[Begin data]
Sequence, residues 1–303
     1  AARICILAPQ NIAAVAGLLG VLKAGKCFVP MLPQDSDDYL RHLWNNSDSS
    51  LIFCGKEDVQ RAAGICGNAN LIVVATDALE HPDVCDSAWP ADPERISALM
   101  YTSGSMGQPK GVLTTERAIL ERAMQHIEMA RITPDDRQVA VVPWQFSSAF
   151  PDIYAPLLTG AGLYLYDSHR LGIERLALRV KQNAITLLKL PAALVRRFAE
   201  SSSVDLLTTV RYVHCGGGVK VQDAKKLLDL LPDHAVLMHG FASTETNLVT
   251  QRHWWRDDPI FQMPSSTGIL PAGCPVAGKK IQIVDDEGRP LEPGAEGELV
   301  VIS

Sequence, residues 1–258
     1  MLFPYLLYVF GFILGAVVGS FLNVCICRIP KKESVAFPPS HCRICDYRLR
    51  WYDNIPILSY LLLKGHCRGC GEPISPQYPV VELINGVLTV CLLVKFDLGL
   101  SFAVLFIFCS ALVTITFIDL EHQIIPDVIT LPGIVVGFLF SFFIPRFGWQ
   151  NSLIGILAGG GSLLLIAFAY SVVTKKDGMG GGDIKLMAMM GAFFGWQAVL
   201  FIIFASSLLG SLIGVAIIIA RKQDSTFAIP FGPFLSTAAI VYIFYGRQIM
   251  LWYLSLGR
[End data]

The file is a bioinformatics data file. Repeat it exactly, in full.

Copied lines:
Sequence, residues 1–303
     1  AARICILAPQ NIAAVAGLLG VLKAGKCFVP MLPQDSDDYL RHLWNNSDSS
    51  LIFCGKEDVQ RAAGICGNAN LIVVATDALE HPDVCDSAWP ADPERISALM
   101  YTSGSMGQPK GVLTTERAIL ERAMQHIEMA RITPDDRQVA VVPWQFSSAF
   151  PDIYAPLLTG AGLYLYDSHR LGIERLALRV KQNAITLLKL PAALVRRFAE
   201  SSSVDLLTTV RYVHCGGGVK VQDAKKLLDL LPDHAVLMHG FASTETNLVT
   251  QRHWWRDDPI FQMPSSTGIL PAGCPVAGKK IQIVDDEGRP LEPGAEGELV
   301  VIS

Sequence, residues 1–258
     1  MLFPYLLYVF GFILGAVVGS FLNVCICRIP KKESVAFPPS HCRICDYRLR
    51  WYDNIPILSY LLLKGHCRGC GEPISPQYPV VELINGVLTV CLLVKFDLGL
   101  SFAVLFIFCS ALVTITFIDL EHQIIPDVIT LPGIVVGFLF SFFIPRFGWQ
   151  NSLIGILAGG GSLLLIAFAY SVVTKKDGMG GGDIKLMAMM GAFFGWQAVL
   201  FIIFASSLLG SLIGVAIIIA RKQDSTFAIP FGPFLSTAAI VYIFYGRQIM
   251  LWYLSLGR